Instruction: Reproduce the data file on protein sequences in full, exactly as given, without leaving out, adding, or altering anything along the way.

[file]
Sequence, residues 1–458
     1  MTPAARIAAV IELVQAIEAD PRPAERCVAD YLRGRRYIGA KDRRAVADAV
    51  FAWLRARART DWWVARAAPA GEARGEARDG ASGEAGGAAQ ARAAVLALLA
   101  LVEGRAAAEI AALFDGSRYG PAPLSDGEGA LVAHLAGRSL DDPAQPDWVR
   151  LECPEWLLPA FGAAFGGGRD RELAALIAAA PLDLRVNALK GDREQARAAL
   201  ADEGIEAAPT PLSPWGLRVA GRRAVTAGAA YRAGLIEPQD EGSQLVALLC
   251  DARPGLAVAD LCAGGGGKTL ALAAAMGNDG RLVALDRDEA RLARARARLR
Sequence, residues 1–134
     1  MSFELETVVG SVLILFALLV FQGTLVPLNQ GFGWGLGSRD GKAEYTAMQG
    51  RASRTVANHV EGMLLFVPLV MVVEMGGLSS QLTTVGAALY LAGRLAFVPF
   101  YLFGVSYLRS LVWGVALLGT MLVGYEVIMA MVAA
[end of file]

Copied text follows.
Sequence, residues 1–458
     1  MTPAARIAAV IELVQAIEAD PRPAERCVAD YLRGRRYIGA KDRRAVADAV
    51  FAWLRARART DWWVARAAPA GEARGEARDG ASGEAGGAAQ ARAAVLALLA
   101  LVEGRAAAEI AALFDGSRYG PAPLSDGEGA LVAHLAGRSL DDPAQPDWVR
   151  LECPEWLLPA FGAAFGGGRD RELAALIAAA PLDLRVNALK GDREQARAAL
   201  ADEGIEAAPT PLSPWGLRVA GRRAVTAGAA YRAGLIEPQD EGSQLVALLC
   251  DARPGLAVAD LCAGGGGKTL ALAAAMGNDG RLVALDRDEA RLARARARLR
Sequence, residues 1–134
     1  MSFELETVVG SVLILFALLV FQGTLVPLNQ GFGWGLGSRD GKAEYTAMQG
    51  RASRTVANHV EGMLLFVPLV MVVEMGGLSS QLTTVGAALY LAGRLAFVPF
   101  YLFGVSYLRS LVWGVALLGT MLVGYEVIMA MVAA